Going back to school can be tough, even in ordinary circumstances — We spoke to veteran educators to ask for tips on how to help students prepare for the switch back to a normal school routine. Try some — or all — of these ideas, and make the summer-to-school transition a success for your family!
Lauren Guip, M.Ed., is the Montessori Director of Summit Country Day School.
“Social-emotional wellbeing is critical to a child’s success as they transition back into a school environment,” Guip says. “It’s important to have an ongoing dialogue with your child about how they are feeling both before school starts and after they are in attendance.”
Guip also suggests helping your child become comfortable with any new procedures that may be in place due to COVID-19. “If your child is required to wear a mask at school, spend some time helping them get adjusted to a mask at home, or pick out a mask that they would feel excited about wearing.”
Abigail Shumaker is a preschool teacher for the Beavercreek City School District.
“Begin talking to your child about returning to school,” Shumaker says. “Highlight the excitement of going back and discuss any fears or concerns they may have. This is important for all students, to prepare them mentally and emotionally.
“Consider turning off the TV and video games. Screens are addicting, we all know this. That desire to be on a screen can take away from the fun of hands-on learning. If you begin to cut back screen time prior to school, your child may adjust better.
“Lastly, go on a back-to-school shopping spree! Let your child pick out their own folders, pencils, backpacks, etc. Use this as an opportunity to share your own excitement with your child. Advancing a grade is a big accomplishment and an exciting time, so make it fun!”
Raymond C. Kochis is the superintendent of Cincinnati Christian Schools.
Kochis’ advice starts with a good nights sleep. “Students will need to become accustomed to the routine of getting up early,” he says. “I would suggest that parents begin the gradual adjustment by setting a realistic bedtime two to three weeks before the start of the school year.”
Kochis also stresses the importance of reading over the summer. “The best reading is away from a screen,” he says. “It allows the student to focus on the activity of reading with fewer distractions. Fifteen to 30 minutes a day is an adequate starting point, but the goal is to gradually increase the time to the equivalent of homework from school. Sustained reading enhances the student’s language skills, but it will also get him or her used to the time commitment required for daily homework.”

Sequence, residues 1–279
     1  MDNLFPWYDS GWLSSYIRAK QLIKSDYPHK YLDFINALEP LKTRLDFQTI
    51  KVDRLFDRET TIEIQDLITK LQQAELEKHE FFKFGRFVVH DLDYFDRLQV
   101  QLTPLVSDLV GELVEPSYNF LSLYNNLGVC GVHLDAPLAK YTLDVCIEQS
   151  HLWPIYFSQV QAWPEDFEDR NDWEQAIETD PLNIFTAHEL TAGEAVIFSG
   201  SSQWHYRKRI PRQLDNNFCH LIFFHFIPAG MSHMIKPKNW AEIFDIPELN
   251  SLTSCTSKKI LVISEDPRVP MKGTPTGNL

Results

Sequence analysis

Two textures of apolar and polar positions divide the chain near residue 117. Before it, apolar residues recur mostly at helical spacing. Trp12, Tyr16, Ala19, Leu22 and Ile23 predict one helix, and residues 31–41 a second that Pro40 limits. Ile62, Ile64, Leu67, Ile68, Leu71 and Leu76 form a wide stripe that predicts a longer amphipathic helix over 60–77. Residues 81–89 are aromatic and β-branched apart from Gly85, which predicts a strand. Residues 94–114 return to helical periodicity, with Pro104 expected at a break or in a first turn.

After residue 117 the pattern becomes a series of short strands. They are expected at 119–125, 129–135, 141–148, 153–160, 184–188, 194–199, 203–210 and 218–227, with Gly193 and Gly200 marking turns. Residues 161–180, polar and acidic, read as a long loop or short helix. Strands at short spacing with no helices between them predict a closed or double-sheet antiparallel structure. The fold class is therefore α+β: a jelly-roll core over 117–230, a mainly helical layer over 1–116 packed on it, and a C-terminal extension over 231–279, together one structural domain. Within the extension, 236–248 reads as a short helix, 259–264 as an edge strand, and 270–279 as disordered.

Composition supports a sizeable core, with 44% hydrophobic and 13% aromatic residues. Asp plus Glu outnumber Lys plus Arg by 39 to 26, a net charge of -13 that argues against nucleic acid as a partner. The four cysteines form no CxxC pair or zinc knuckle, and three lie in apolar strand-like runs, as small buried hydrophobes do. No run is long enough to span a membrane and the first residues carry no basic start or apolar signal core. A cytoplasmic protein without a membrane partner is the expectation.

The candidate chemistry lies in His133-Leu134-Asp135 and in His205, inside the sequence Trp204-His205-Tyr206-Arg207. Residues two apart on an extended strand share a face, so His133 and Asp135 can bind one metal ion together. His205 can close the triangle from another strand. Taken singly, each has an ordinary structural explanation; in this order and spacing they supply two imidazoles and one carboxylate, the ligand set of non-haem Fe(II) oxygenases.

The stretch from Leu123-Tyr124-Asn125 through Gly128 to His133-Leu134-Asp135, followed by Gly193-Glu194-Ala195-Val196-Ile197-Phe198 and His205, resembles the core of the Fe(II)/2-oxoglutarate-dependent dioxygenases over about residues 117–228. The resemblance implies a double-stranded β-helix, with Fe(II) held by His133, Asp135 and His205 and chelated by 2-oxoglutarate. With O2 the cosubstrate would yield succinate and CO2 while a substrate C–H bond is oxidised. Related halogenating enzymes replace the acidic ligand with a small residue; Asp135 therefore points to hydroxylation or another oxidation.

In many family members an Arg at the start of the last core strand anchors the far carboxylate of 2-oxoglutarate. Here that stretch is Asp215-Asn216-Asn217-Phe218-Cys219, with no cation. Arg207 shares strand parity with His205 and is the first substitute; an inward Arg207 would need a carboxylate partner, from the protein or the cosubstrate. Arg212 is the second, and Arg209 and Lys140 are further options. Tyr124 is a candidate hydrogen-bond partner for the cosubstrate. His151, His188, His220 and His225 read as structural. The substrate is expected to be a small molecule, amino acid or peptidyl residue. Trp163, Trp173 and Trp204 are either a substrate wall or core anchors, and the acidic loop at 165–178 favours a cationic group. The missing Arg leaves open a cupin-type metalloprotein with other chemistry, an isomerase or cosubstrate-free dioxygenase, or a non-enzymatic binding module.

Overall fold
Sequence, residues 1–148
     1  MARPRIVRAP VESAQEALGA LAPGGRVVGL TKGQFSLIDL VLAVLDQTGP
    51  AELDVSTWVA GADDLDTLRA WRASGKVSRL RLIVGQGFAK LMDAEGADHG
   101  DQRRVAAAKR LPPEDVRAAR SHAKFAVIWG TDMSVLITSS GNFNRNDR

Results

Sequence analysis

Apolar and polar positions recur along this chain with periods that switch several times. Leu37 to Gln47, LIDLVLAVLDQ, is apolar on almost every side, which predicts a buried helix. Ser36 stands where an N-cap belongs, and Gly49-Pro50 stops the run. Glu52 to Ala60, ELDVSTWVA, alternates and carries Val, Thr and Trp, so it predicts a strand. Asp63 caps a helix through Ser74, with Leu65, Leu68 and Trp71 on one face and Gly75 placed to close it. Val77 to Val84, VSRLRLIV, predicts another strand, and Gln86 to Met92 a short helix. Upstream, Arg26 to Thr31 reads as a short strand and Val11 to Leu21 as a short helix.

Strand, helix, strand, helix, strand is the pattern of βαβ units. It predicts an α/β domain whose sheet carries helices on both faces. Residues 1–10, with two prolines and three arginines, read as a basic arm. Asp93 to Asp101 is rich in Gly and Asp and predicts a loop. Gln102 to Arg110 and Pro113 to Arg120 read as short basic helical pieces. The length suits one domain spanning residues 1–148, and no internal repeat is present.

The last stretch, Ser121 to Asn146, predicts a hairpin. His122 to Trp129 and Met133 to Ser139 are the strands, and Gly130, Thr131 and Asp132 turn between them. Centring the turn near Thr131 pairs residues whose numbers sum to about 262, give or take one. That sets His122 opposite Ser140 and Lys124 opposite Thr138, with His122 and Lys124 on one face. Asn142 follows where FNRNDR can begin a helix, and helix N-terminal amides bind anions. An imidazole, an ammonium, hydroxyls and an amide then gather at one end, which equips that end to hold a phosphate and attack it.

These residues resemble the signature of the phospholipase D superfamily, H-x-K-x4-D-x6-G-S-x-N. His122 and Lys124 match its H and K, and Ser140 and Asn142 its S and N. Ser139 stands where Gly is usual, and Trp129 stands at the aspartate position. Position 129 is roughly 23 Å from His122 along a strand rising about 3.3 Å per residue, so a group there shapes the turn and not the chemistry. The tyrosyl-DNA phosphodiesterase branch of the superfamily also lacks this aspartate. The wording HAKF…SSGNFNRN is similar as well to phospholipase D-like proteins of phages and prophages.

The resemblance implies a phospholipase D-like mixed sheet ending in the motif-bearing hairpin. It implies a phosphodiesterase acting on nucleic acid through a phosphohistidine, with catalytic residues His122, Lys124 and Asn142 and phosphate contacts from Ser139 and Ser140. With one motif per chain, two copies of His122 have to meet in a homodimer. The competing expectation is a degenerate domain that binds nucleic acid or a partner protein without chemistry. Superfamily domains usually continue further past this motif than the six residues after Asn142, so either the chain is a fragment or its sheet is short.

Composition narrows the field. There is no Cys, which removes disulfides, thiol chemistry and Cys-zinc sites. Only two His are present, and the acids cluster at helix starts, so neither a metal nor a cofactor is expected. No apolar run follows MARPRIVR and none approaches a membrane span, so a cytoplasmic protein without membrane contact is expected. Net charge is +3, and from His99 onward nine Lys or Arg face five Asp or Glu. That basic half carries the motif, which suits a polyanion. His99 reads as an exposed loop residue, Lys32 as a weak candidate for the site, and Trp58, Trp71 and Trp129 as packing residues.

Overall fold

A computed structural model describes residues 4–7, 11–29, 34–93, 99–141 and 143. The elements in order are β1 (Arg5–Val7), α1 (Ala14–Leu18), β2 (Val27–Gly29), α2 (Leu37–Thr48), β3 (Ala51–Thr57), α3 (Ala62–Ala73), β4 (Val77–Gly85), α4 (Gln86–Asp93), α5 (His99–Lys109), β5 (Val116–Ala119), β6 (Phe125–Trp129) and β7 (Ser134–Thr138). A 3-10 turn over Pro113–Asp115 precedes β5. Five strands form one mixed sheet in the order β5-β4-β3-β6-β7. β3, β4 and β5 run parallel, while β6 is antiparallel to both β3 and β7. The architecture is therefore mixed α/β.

Julie Carter has been a guidance counselor for Huber Heights Schools for 16 years and an educator for 27 years.
Carter agrees that making an event out of school supply shopping is a great transition idea, and wants families to know that if it simply isn’t in the budget, you should reach out to your school counselor. Carter also added the following suggestions:
* Start practicing “school lunch” a week or two ahead of time. Pack lunches, practice opening containers, and eat in a 20-minute timeframe.
* Write goals for the next school year. Post them in the house.
* Set an alarm each night and practice waking up to it every morning.
* Begin to slowly move bedtime back a couple of weeks ahead of school. If you move it 15 minutes a night, it won’t be as hard!
* Pick out outfits for the first week of school.
* Celebrate! Bake a cake and decorate the day before the return to school.
Krista Taylor is the assistant principal at Mercy Montessori.
Taylor understands the new year will be filled with change, and recommends the following ideas:
Regardless of what schedule you are opening under, share with your child in the most optimistic light possible and treat the first day of school like a celebration. Positive energy helps.
Your child hasn’t been in school, or likely adhering to a school schedule since March. Read back-to-school books to prepare your child. A little TLC goes a long way in easing the stress of those first few weeks.
Remember that teachers have spent much of the summer turning their instructional strategies upside-down to prepare. Give them grace to figure it all out, and remember that this takes time.
Practice hand-washing a lot! Don’t forget the 20-second rule.
Help your child recognize what 6 feet looks like. Make a game of it. Ask your child to stand 6 feet away from something, and then measure to see how close they actually are. Who can get closest to 6 feet? Do this in various spaces — what does it look like in a small room? A large room? Outside?
On behalf of administrators everywhere, please read the information sent home by your school. There will be a lot communicated, and it may feel overwhelming, but it’s more important than ever that you stay informed and up-to-date.